Read More: Here are 9 hurdles Biden’s infrastructure plan would have to overcome in Congress before it can become law

Before Amtrak can even consider a brand-new high-speed rail network, there’s still a backlog of repairs to work through on its existing lines. And unlike regional transit authorities, Amtrak’s network stretches from sea to shining sea, leaving a lot to maintain and update.

“There’s all these sort of boring infrastructure investments that you got to do,” Mathews said.

On the Northeast Corridor, where Amtrak has its only high-speed service with the Acela, Mathews said that it would cost around $50 billion just to get the line to a “state of good repair.” That’s 62.5% of Amtrak’s proposed $80 billion funding from the infrastructure bill in just repairs alone and not even laying the foundation for true high-speed rail in the Northeast.

True high-speed rail would require new infrastructure, including straight lines of track so trains can achieve their top speeds. In congested regions like the Northeast, that means spending millions if not billions just to purchase property along the line’s planned route.

“Politically, high-speed has a different ring to it and I think Amtrak is probably unwilling to step into that,” Mathews said. “From their point of view, they’re like, ‘Hey, we just want to run our trains. We want to run more trains and we want them to be on time.'”

Amtrak is already spread thin in its languishing nationwide network. Existing infrastructure across the US has fallen into disrepair and battles with freight railroads prohibit Amtrak from being competitive on existing lines.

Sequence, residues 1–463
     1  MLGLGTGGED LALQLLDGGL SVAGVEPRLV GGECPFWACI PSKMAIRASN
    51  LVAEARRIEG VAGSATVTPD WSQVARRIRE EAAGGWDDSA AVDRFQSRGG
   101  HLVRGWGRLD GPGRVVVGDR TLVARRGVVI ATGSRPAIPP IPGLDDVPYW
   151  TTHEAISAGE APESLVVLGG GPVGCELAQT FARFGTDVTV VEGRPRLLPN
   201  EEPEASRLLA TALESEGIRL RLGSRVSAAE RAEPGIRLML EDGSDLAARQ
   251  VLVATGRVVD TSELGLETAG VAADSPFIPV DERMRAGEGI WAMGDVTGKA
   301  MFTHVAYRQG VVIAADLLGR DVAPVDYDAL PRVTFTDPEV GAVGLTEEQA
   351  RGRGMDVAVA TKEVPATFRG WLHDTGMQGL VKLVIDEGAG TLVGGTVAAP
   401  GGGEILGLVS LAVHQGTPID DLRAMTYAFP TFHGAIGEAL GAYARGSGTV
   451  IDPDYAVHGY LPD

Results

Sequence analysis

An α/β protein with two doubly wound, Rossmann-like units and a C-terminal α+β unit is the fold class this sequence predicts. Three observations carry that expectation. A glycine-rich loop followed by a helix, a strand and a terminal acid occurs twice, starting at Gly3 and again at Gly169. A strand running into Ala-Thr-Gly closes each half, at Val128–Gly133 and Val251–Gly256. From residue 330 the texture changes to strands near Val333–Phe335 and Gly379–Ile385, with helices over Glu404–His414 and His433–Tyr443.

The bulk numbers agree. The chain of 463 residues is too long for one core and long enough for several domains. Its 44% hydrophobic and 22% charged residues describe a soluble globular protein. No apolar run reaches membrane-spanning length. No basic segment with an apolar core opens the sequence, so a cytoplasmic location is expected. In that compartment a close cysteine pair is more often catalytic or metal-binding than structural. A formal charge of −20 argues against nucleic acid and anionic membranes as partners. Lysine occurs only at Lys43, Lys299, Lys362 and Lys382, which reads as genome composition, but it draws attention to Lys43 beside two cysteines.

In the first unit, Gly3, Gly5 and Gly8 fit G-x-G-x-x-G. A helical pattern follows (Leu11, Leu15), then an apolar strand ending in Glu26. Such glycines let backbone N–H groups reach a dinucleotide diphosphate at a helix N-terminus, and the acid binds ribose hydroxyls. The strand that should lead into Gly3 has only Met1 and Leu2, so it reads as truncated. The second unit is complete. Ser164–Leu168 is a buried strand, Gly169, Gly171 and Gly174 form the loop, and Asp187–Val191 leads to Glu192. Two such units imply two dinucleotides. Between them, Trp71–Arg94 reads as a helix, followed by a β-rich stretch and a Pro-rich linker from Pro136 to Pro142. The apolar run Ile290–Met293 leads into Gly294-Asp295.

Private companies have instead spearheaded the effort to bring high-speed rail to the US. Brightline built a high-speed line to connect West Palm Beach and Miami in Florida that will soon be connected all the way to Orlando. In Texas, the Texas Central Railroad is developing a high-speed rail line that will connect Dallas and Houston in only 90 minutes.

California has even taken up the mantle with a new high-speed rail line between Los Angeles and San Francisco. Construction is currently underway with the 800-mile line taking at least 14 years to complete at an estimated cost of at least $68 billion, according to Architect Magazine.

Amtrak is introducing new trains to the Acela line but those will only travel slightly faster than the current train sets. And pre-pandemic non-stop service between New York and Washington still took two hours and 30 minutes, despite being a comparable distance to the planned route between Dallas and Houston.

“What about grandma?”

Critics of Amtrak and its money-losing ways look too much at the big picture, according to Mathews, and not at the smaller journeys that are more in line with Amtrak’s original congressional charter. Only around 10% of riders take the full length of a long-distance service like the Empire Builder between Chicago and Seattle, for example, whereas most customers are taking the train between intermediary stops.

“The vast majority of trips take place in between,” Mathews said. And those short-distance trips between say Staples, Minnesota and Wolf Point, Montana, where convenient air service is a distant dream, is Amtrak’s bread and butter. Fares are comparatively lower than flying and trains can better accommodate passengers that face issues when flying, whether it be because they require medical devices or the nearest airport is hours away.

Keeping those smaller cities connected is also the reason why Amtrak rushed to get long-distance trains back to daily service after they were reduced to three-times-weekly service during the pandemic. Restoring them to daily service may have seemed counter-intuitive from a revenue perspective but the move ensures more Americans that rely on the rails have access to it.

When Amtrak does eventually enter the high-speed rail realm, it may be relegated to the lines that private companies haven’t already scooped up. But Mathews believes that’s alright because the rail corporation’s purview, after all, is to serve the entire country – profitable or not.